Friday, December 15 , 2017, 10:53 am | Smoke 69º


Local News


Bill Macfadyen: Best Way to Fight Gibraltar Fire Appears to Be Up in the Air

Also in NoozWeek’s Top 5 is a benefit for a 10-year-old crash victim, an alleged rape, a dry lake and high density. But first, Small Business of the Year!

Bombs away. Click to view larger
Bombs away. (Lara Cooper / Noozhawk photo)


Before we get started this week, Noozhawk would like to thank the Goleta Valley Chamber of Commerce for naming our company the 2015 Goleta’s Finest Small Business of the Year.

We’re honored to be recognized for our contributions in the Goleta Valley and our long commitment to the community. And we’re excited to share the stage with our fellow award recipients: Kathleen Cochran, Angel Martinez of Deckers Brands, Orbital ATK, Jason Weaver of DELux LED, Kyle’s Kitchen, Devereux, Hugs for Cubs and the Santa Barbara Foresters, Brent Daniels, Ed de la Torre, Frank Koroshec of San Marcos High School and Maggie Miller of Dos Pueblos High School.

Our award is doubly gratifying because Noozhawk had the privilege of being named Goleta’s Finest Entrepreneur of the Year back in 2008, our first full year in business.

We’ve come a long way in the seven years since, but I think we’ll stop right here; we have no plans to ever be the Big Business of the Year. OK, at least for now.

Thank you to our fantastic — and tireless — team of Noozhawks, to our advertisers and sponsors for their confidence and support, and to the world’s greatest readers for their enthusiasm and loyalty.

Celebrate with us at Goleta’s Finest on Nov. 20 at Bacara Resort & Spa.

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Fueled by a brush fire run, Noozhawk had 123,004 readers this past week. Yes, more people watched CNBC’s farcical attempt at hosting a debate, but The Three Stooges is a tough act to follow.

Here’s my take on your top stories:

1. Firefighters Wary of Winds as They Battle Gibraltar Fire

After a fitful night of gusty winds slamming doors and shuddering through window screens, it’s never good to be awakened before daybreak by the unmistakable smell of smoke.

That’s what happened Oct. 29 in Montecito after a brush fire ignited off of East Camino Cielo between Gibraltar Road and Montecito Peak.

While those of us living below the mountain couldn’t see what was going on, locals throughout Santa Barbara had a mostly unobstructed view of the flames. By the dawn’s early light, things didn’t look so good.

Given the wind, the drought, the forecast of temperatures in the mid-90s and virtually no humidity, firefighters wasted no time after the blaze was reported at 5:16 a.m.

Almost immediately, crews from the Montecito, Santa Barbara City, Santa Barbara County, Los Padres National ForestCarpinteria/Summerland, CalFIRE and even the Vandenberg Air Force Base fire departments were on the scene.

As the sun rose higher, the reassuring chop-chop-chop of helicopters reverberated in the canyons. What came next, however, was a remarkable sight that may well have saved the day.

For hours, a steady lineup of aerial tankers laid down a swath of fire retardant — 85,000 gallons in all. The bright red-orange material coated the mountainside like flocking on a Christmas tree, and was visible for miles.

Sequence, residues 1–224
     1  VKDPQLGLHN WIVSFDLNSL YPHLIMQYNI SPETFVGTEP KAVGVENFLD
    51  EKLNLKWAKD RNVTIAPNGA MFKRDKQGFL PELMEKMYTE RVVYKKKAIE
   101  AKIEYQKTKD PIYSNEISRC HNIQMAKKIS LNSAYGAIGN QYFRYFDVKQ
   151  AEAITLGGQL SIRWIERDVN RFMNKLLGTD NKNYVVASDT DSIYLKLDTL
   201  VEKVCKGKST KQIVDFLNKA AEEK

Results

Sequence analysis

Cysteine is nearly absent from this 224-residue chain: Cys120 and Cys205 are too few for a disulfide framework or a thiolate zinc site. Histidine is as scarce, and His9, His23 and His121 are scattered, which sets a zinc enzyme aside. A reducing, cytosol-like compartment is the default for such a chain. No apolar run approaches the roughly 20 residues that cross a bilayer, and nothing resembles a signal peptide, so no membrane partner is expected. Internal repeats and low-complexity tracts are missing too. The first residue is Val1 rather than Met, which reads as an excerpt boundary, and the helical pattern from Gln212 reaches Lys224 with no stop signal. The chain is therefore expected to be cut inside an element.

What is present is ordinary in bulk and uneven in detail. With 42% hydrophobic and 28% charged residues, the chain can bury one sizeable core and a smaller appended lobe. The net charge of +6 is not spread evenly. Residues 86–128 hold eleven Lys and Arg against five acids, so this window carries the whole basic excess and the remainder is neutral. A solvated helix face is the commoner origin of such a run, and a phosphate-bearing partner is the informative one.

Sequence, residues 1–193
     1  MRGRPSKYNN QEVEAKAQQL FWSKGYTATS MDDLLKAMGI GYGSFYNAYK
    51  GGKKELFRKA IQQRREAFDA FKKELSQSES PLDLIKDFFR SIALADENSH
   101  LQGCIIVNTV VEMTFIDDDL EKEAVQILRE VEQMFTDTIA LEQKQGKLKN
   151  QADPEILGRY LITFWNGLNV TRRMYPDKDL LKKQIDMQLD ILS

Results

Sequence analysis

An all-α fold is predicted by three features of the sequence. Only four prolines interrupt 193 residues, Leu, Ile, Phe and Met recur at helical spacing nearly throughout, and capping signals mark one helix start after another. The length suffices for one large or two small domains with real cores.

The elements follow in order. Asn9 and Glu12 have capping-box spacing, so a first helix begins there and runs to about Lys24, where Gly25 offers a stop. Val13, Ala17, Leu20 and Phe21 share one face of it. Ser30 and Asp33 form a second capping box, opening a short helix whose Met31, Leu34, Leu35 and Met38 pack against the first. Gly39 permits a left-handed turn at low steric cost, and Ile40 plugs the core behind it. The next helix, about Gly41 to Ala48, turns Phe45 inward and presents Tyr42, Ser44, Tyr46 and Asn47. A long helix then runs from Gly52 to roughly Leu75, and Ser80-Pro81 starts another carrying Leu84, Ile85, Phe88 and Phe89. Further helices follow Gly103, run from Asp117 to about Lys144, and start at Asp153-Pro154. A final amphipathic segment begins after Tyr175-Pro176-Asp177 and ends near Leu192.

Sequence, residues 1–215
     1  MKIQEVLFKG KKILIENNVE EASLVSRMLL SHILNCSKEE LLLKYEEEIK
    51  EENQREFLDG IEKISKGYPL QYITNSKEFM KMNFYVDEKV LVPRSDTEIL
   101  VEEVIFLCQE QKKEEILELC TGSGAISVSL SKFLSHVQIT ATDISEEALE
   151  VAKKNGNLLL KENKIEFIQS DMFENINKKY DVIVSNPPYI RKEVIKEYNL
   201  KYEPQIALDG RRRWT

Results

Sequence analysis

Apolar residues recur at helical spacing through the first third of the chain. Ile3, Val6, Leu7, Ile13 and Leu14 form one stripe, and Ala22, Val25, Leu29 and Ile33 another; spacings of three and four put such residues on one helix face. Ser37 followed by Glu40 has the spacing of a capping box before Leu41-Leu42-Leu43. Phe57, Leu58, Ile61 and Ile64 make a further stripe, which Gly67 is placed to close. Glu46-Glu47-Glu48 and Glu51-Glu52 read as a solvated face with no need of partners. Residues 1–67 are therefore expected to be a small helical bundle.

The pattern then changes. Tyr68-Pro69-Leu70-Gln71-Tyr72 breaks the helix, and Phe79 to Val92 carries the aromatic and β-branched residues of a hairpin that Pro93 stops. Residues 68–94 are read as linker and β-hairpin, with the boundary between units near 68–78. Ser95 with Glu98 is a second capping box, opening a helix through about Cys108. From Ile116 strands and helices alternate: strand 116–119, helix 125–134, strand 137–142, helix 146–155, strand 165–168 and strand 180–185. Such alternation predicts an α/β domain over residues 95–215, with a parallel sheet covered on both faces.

The fleet of 10 airplanes — large and small — is credited by officials with keeping the Gibraltar Fire to just 50 acres.

“We had an unbelievable amount of aircraft,” Santa Barbara Fire Chief Pat McElroy exclaimed to our Tom Bolton late in the day.

While only 10 percent of the blaze had been contained by nightfall, tactically, the aggressive aerial attack appeared to be a big win for firefighters on Day One. Memories of the Tea and Jesusita fires are still raw; Santa Barbarans aren’​t “let it burn” fans.

With another night of strong, gusty winds hammering Montecito, fire officials weren’t taking anything for granted. More than 500 firefighters were working the lines overnight, and the air raid was to resume in the morning.

The cause of the fire remains under investigation.

Meanwhile, the blaze — and some terrific team reporting by Tom, Giana Magnoli, Lara Cooper and Gina Potthoff — spurred hundreds of Noozhawk readers to sign up for our free NoozAlert text messages. Click here to add your cell phone to our list. 

2. Santa Maria Community Rallies to Help 10-Year-Old Boy Severely Injured in Crash Near Nipomo

A 10-year-old Santa Maria boy critically injured in a horrific — and bizarre — car crash in southern San Luis Obispo County is the focus of numerous community fundraisers underway to help him and his family.

Elijah Olivas has his game face on, but needs as much help as he can get. (Olivas family photo)
Elijah Olivas has his game face on, but needs as much help as he can get. (Olivas family photo)

Elijah Olivas, a sixth-grader at Tunnell Elementary School, was ejected from a vehicle that overturned Oct. 19 on Thompson Road near Wineman Road south of Nipomo.

Authorities say the 16-year-old driver lost control when an adult in the car allegedly began assaulting the teenager, choking him at one point.

The sedan’s three passengers — including Elijah and his 13-year-old brother, Jason — were sitting in the back seat, the San Luis Obispo County Tribune reported. Elijah reportedly was ejected after his seatbelt buckle became unlatched during the physical altercation before the crash.

Doctors say the boy suffered skull fractures, a fractured jaw, an amputated hand, a broken arm, a collapsed lung and a broken pelvic bone. He was rushed to Marian Regional Medical Center and then quickly flown by helicopter to Lucile Packard Children’s Hospital Stanford in Palo Alto.

Authorities say John Gilbert Martinez Jr., 57, of Guadalupe, is facing seven charges, including assault causing great bodily injury, felony battery, willful cruelty to a child, interfering with a driver’s control of a vehicle and being under the influence of a controlled substance.